A Heat Decarbonisation Plan (HDP) was created in 2023 supported by the Low Carbon Skills Fund, which provides funding for public sector organisations to develop plans to decarbonise their estates. Its purpose is to set out a road map from now until 2030/31, to replace fossil fuel reliant systems like gas-fired heating, with low carbon alternatives.
A thorough review of how and where the University uses energy was completed. This included building audits of twenty-one building across BU’s four campuses to assess the performance of the heating and hot water systems, electrical systems and for five buildings thermal imagery was used to look at the building envelope, to see where heat is lost through the walls, roofs, windows and doors. A list of energy conservation measures was then developed for each building and prioritised based on their emissions reduction benefit. The recommended measures are focused into the following categories:
Replacing gas fired heating systems with heat pumps will significantly reduce the demand for natural gas and provides the greatest opportunities for heat decarbonisation. The HDP identified 16 potential sites for the installation of 12 air source heat pumps and 4 ground source heat pumps across its campuses, with the potential to achieve a net reduction in emissions of 810 tonnes CO2e annually. As part of this plan, BU has recently secured £1.4m in funding from the Public Sector Decarbonisation Scheme (PSDS) to remove gas heating and hot water systems from three buildings on its Talbot Campus and replace them with air source heat pumps by Spring 2024. Read more about this project here. Other exciting projects have been identified at a high level including heat recovery from data centres and the creation of an ambient loop and these will need to be developed technically in order to maximise the recycling of heat on campus.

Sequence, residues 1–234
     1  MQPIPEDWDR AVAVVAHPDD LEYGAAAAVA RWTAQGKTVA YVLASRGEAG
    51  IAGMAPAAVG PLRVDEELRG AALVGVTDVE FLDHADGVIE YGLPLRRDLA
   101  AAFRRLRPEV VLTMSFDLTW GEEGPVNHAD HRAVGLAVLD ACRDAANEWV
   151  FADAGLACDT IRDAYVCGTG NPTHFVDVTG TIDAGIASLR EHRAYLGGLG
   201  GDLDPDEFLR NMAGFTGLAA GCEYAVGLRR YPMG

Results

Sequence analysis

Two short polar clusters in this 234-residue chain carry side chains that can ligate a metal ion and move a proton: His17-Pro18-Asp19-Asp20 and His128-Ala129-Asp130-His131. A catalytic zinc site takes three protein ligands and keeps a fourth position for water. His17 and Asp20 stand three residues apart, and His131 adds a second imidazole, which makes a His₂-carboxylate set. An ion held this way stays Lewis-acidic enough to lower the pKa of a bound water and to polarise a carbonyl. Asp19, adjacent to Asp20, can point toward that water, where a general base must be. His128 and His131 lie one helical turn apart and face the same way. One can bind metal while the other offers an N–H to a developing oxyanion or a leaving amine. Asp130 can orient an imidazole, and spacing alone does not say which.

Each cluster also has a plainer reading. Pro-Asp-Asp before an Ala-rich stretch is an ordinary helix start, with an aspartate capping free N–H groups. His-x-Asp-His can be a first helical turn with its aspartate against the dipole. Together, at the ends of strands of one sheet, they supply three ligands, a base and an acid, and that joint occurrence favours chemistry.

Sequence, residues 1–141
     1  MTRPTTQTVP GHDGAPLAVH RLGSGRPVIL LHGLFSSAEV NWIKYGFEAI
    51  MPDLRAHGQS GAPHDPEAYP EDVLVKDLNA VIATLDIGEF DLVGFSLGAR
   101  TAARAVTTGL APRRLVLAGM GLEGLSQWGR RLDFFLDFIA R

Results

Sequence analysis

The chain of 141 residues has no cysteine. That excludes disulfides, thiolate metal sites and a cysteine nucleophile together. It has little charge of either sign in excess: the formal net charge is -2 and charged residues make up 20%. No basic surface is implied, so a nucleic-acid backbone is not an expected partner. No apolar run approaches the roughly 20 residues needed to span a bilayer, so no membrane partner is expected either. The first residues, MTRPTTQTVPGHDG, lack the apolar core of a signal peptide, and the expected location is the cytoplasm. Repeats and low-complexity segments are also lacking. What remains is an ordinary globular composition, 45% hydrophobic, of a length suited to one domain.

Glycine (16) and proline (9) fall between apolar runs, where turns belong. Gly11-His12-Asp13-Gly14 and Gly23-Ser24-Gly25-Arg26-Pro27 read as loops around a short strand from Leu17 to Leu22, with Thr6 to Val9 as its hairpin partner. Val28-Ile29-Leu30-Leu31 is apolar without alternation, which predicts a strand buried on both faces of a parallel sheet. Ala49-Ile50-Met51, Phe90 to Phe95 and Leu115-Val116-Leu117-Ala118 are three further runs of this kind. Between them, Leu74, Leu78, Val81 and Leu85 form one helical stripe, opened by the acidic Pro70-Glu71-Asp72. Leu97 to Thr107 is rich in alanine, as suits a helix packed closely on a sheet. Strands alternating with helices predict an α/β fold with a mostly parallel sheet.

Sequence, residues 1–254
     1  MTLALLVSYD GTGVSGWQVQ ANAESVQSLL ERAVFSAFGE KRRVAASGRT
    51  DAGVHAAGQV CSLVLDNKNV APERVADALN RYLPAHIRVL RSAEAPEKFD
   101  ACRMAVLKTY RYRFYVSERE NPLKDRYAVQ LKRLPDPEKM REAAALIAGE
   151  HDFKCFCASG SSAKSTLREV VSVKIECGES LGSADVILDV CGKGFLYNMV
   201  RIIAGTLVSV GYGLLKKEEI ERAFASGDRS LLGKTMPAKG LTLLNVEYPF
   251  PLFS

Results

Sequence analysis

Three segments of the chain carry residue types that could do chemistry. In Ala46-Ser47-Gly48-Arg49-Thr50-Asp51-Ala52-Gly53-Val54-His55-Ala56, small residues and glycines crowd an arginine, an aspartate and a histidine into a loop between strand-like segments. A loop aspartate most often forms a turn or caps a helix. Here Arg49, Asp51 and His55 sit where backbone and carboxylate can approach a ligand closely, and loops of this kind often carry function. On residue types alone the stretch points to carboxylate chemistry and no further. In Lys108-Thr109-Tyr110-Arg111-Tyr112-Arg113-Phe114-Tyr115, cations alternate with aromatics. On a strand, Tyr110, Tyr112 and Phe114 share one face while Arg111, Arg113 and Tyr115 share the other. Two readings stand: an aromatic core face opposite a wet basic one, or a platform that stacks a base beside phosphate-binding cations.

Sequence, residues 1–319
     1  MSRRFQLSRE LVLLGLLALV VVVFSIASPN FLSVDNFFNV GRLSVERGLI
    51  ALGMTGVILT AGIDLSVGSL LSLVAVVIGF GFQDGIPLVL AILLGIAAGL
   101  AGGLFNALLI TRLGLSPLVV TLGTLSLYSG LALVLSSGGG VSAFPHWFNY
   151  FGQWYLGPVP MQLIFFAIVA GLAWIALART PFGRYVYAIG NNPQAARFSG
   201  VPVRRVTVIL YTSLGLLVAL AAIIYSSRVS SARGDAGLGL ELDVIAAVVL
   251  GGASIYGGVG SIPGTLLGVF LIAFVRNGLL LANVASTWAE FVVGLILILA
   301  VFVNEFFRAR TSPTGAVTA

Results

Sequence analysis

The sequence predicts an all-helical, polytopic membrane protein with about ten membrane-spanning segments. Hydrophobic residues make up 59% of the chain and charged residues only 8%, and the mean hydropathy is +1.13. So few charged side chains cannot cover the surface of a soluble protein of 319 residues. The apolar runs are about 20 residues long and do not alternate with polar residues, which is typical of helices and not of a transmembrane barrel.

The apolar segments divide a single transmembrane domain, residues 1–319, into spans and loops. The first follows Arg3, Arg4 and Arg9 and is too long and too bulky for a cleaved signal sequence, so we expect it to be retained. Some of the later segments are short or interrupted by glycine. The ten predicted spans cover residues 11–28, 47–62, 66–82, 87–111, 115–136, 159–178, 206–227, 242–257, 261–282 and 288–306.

Building Envelope Upgrades
Improving the building envelope of campus buildings will reduce their heating requirements. Using thermal imaging survey results, upgrades such as more efficient windows and cavity wall insulation have been identified across 7 buildings, with the potential to reduce scope 1 emissions by 65 tonnes CO2e annually.
Renewable Energy Generation
Renewable electricity generation will help to mitigate additional electricity demand when heat sources are switched to electric through the installation of heat pumps. In addition to BU’s 9 existing solar PV arrays, a further 9 sites have been identified for solar PV installations with the potential to reduce BU’s scope 2 emissions by 84 tonnes CO2e annually.
Electricity consumption from the grid that cannot be eliminated through building envelope improvement, energy efficiency upgrades and renewable energy generation can by purchased through green electricity tariffs to further reduce scope 2 emissions. BU already purchases 100% renewable electricity through REGO backed green tariffs as detailed in our Energy and Water Policy. This could be further improved by using Power Purchase Agreements which BU are investigating.
Finanical Cost of Reducing Carbon Emissions
The HDP study identified approximately £17m (incl. VAT) of potential decarbonisation projects to significantly reduce emissions and support BU achieving net zero by 2030/31. Projects will be implemented in a phased approach as sources of capital expenditure and external funding are explored and the plan will continually evolve to reflect the changing landscape of a university campus and technology improvements.
You can read the summary Heat Decarbonisation Plan here (pdf, 1065kb).